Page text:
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|Debates winners in New York|
|SA learners scoop silver in Beijing|
|SA scientist impresses in FameLab|
|Nanotech draws attention in Kenya|
|SAASTA salutes David Block|
|Science Centre CEO awarded|
|Young science brainpower awarded|
|75 years of coelacanth research|
|Join in recording the diversity of life|
|Open your own Science Spaza|
|The Universe is expanding|
|"Space Skype" links kids|
|Coastal and marine science in SA|
|A scientist for a day|
|iThemba LABS - advancing knowledge|
|Ex ZooClub members' success|
|In the news|
|It's a fact!|
Join the world in recording the diversity of life
Together with experts and members of the public you can help to survey a natural area, seeking, identifying and recording as many species as possible. The National Geographic Society turns 125 years old this year, and to celebrate this, it is inviting the world to participate in the Great Nature Project - a first-time attempt to capture and appreciate Earth's biodiversity.
The week-long project will take the form of an International Bioblitz that runs from 21 to 29 September 2013.
The idea is to get as many people as possible to take photos of the plants and animals around them and share these pictures with the world by uploading them onto various social media platforms, which in turn will be posted on greatnatureproject.org. Visitors to the site can then learn more about the world's amazing diversity of life by engaging with educational and scientific resources on the site.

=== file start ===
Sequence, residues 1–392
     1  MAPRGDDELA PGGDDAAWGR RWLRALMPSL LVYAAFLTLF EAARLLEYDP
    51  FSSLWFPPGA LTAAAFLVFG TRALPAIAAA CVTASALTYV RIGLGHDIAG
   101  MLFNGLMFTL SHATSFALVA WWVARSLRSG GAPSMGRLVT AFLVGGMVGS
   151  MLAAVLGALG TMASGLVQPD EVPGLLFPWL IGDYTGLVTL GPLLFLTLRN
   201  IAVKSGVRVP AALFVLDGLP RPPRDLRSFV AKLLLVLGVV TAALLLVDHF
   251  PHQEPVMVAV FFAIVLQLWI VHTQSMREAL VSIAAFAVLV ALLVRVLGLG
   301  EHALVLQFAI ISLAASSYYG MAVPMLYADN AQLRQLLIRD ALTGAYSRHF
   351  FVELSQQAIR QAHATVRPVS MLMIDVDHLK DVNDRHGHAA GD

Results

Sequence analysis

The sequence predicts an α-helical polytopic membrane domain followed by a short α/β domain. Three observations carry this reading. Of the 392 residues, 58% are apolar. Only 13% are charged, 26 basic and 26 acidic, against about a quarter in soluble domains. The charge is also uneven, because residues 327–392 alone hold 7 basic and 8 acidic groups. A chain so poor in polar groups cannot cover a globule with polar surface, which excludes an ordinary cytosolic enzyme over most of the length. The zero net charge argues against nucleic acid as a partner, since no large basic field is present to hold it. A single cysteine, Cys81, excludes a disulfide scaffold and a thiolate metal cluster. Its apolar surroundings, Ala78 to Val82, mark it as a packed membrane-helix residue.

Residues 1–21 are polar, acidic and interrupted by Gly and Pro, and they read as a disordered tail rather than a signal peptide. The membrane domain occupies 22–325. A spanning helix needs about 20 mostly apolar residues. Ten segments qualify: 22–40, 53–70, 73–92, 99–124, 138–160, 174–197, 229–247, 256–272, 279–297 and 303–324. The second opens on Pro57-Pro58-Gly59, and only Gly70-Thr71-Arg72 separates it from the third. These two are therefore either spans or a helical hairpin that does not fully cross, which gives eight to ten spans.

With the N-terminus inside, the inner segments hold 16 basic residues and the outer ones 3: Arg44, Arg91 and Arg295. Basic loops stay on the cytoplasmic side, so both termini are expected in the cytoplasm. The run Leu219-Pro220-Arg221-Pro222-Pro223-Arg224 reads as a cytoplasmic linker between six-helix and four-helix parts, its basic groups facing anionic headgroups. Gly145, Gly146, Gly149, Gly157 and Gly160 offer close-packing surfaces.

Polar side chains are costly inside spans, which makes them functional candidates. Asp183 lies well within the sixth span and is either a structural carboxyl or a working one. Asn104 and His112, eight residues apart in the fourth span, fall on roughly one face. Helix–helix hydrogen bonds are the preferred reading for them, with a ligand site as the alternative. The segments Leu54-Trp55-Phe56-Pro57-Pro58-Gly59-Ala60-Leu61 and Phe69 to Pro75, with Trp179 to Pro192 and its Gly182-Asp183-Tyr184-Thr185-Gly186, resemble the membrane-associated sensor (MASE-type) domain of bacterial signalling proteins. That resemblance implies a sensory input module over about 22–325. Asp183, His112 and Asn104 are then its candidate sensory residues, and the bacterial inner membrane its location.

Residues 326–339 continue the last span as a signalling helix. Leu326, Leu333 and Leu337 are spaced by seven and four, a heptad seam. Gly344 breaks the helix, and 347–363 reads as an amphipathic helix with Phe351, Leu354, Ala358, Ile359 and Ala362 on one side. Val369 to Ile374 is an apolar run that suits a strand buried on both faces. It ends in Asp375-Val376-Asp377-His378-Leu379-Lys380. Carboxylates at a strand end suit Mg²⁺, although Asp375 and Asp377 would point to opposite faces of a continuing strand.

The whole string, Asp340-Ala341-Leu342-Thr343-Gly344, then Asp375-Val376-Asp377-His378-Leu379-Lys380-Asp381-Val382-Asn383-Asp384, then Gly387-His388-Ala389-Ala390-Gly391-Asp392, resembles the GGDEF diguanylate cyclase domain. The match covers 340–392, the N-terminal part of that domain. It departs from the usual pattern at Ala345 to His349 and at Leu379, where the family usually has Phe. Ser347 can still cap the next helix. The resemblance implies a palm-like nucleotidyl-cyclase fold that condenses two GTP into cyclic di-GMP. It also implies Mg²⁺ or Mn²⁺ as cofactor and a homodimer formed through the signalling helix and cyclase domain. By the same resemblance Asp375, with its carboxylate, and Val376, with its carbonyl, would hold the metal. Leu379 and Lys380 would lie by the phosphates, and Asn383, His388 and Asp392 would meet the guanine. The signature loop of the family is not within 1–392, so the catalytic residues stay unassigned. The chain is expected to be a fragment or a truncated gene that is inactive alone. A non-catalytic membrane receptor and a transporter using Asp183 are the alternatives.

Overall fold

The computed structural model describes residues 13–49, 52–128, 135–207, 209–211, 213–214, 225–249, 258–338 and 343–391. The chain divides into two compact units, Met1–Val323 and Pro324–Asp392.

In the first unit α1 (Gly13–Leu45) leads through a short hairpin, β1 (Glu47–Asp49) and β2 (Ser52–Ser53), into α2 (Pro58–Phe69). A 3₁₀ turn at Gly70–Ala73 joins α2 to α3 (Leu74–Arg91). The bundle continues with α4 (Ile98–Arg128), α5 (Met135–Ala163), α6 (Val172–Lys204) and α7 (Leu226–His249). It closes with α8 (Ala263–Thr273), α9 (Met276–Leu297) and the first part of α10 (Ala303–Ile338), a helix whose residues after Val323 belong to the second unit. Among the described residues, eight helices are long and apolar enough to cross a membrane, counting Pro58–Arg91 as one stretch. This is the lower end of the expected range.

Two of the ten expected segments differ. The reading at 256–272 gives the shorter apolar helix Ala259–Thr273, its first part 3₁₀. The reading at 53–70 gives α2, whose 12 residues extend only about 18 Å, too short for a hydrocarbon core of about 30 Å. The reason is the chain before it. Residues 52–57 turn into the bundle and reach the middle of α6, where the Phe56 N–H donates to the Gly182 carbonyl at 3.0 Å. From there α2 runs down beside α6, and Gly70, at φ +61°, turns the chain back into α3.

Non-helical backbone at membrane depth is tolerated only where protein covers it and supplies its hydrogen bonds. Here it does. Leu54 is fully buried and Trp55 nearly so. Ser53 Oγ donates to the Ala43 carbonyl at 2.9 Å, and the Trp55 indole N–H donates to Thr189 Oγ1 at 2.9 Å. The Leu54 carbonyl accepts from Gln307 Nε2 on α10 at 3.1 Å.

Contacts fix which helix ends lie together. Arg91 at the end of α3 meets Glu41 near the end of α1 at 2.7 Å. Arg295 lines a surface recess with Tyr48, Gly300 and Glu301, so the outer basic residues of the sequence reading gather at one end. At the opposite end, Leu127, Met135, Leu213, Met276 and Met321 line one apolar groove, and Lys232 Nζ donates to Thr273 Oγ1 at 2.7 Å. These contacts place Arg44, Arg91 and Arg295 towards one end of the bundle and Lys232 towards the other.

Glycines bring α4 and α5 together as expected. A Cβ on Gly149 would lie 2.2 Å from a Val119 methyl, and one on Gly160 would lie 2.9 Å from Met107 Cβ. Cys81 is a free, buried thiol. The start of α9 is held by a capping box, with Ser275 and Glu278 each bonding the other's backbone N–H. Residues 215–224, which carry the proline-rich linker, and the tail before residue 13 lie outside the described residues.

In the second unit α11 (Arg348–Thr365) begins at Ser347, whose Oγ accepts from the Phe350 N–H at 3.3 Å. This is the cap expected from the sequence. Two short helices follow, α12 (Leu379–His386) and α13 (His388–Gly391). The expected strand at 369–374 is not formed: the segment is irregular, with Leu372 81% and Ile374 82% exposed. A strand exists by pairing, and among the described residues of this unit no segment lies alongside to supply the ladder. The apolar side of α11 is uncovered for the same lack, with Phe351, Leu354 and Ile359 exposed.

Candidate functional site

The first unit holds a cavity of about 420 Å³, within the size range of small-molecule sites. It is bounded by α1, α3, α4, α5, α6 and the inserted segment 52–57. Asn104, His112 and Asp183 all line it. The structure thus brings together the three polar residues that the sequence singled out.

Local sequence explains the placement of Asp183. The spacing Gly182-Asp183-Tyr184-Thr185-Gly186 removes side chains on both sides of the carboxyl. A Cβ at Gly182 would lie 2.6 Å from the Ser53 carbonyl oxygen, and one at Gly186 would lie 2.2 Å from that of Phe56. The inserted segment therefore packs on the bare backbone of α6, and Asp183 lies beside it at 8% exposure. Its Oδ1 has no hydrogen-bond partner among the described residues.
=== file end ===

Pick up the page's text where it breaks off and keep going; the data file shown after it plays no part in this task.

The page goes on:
Furthermore, the project will attempt to set a Guinness World Record for the biggest online photo album of animals by collecting more than
South Africans will be able to participate in this exciting event via iSpot - a website that is aimed at helping anyone identify anything about nature - visit www.ispot.org.za.
"On this site, people can upload their observations of nature, help each other identify them, and share and discuss what they've seen," says Stephen Cousins, an MSc student intern at the South African National Biodiversity Institute (SANBI).
"If the images come in with coordinates and dates (some new digital cameras can embed this into images) and they are good enough to be able to identify the animals, then these can be catalogued into the SAIAB collections database," says Roger Bills, Collection Manager at the South African Institute for Aquatic Biodiversity (SAIAB). "For certain species this could improve our geographical coverage significantly and would be a great help to science."
Last year, the Public Understanding of Biotechnology Programme (PUB), managed by SAASTA on behalf of the Department of Science and Technology, sponsored a similar exercise locally.